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Uber, NASA Partner to Explore 'Urban Air Mobility'

10 Mai 2018

This is a big step forward from their previous agreement, which merely stated that the two intend to work together on the project, notes Sputnik News, citing the Verge.

At the conference, new aircraft concepts were unveiled by Uber, Embraer, Pipistrel and Karem Aircraft.

This artist's conception shows the reference model for Uber's future air taxis. ChargePoint, a leading and "most open electric vehicle (EV) charging network" revealed its concept design for the two megawatts, high-powered charging charger for eVTOLs, semi-trucks and other electric aircrafts.

As small aircraft enter the marketplace, NASA says they will do so safely, with acceptable levels of noise, and without burdening the current national air traffic control system.

NASA and Uber Technologies have teamed up to identify new urban air mobility-related technologies and concepts created to ensure safety of aerial transportation operations in populated areas.

These VTOL vehicles (pronounced vee-tol), would theoretically help passengers leapfrog snarling traffic and speed up transportation between suburbs and cities.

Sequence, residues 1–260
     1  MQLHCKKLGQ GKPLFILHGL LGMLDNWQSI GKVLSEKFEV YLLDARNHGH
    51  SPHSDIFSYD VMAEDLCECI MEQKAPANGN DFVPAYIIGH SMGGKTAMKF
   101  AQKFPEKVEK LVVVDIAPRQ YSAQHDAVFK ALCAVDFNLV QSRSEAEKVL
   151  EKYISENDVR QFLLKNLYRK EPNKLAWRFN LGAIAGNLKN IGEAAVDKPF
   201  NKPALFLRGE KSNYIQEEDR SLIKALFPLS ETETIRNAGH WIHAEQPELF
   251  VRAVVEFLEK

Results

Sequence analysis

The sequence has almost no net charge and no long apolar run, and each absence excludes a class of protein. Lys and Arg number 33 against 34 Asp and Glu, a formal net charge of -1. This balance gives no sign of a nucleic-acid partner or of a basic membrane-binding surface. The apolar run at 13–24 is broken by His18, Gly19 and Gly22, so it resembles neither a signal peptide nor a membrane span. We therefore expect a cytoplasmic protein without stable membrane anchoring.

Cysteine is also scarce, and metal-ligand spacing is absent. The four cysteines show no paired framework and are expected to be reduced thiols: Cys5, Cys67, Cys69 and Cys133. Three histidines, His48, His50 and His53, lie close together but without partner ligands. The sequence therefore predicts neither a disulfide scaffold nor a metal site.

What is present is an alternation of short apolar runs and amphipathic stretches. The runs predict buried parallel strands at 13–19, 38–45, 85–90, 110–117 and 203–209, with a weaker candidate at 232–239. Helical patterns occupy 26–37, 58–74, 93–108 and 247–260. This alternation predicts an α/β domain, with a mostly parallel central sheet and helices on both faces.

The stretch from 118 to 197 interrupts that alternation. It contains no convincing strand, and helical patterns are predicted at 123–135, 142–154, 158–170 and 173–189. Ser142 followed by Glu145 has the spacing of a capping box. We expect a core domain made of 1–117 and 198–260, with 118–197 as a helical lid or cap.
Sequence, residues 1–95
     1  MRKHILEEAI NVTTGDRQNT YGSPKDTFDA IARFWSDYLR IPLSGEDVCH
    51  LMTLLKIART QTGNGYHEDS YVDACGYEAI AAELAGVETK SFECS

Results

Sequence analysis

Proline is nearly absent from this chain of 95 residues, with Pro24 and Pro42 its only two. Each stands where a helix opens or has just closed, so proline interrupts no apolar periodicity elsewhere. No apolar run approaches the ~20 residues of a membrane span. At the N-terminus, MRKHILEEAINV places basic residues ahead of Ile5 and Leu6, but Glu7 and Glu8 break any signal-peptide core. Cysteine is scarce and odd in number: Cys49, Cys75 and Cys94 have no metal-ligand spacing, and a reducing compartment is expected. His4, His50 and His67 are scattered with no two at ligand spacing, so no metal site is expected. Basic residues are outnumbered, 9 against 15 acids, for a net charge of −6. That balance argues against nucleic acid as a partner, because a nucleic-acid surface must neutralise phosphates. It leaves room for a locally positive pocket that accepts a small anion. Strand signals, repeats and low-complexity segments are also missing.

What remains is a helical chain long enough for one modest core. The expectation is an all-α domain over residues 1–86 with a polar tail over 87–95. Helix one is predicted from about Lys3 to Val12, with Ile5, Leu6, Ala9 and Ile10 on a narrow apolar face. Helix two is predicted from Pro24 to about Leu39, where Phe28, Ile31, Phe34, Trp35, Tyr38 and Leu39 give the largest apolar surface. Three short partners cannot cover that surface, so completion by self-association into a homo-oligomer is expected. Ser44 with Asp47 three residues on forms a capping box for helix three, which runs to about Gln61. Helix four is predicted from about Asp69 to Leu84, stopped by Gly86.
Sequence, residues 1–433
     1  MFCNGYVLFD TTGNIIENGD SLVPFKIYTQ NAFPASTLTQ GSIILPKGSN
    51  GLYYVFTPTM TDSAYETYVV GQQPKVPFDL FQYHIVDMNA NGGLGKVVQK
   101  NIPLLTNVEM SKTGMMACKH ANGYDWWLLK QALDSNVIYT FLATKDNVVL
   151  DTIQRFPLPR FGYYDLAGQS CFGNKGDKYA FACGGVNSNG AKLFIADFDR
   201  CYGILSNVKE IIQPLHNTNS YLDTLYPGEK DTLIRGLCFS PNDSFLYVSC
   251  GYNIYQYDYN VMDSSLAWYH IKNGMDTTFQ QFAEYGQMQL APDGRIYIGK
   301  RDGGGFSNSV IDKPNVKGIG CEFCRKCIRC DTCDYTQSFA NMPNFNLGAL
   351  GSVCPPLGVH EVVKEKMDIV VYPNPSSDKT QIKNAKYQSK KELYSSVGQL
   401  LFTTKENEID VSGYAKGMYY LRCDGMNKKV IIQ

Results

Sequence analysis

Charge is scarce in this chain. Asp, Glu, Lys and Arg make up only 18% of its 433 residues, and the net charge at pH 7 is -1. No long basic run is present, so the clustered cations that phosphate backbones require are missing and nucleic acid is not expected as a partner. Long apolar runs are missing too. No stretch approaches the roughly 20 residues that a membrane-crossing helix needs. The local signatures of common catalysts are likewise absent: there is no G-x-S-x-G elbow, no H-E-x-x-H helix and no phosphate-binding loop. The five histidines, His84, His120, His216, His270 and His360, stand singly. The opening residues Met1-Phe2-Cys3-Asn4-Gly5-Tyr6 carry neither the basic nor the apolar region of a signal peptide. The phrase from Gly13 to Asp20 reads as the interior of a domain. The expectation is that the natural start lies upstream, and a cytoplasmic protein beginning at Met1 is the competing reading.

So far, UberAIR have built in a redundancy plan should any of the rotors of its eVTOL taxi fail.

Karem Aircraft, is privately-held aerospace company headquartered in Lake Forest, Calif.

Uber isn't the only company eyeing the skies. The company also noted that the cost of flights will not be expensive trips to the usual taxi.

The partnership between Uber and the Army is the latest in a series of joint ventures between the Department of Defense and the technology industry.

The prototypes look like big drones, and have four rotors on wings. Uber says that it thinks in the long-term VTOLs will be an affordable form of transportation for the masses and could be less expensive than owning a auto.

Uber is also partnering with Boeing subsidiary Aurora Flight Sciences. The company that specializes in autonomous flying systems was acquired by Boeing in 2017.

One was an all-electric multi-rotor aircraft that uses stacked rotors to lift off vertically, but it can travel at more than 186 miles per hour because of its airplane-like body. This would include funding and research development for a "first stacked co-rotating propeller".

Uber, NASA Partner to Explore 'Urban Air Mobility'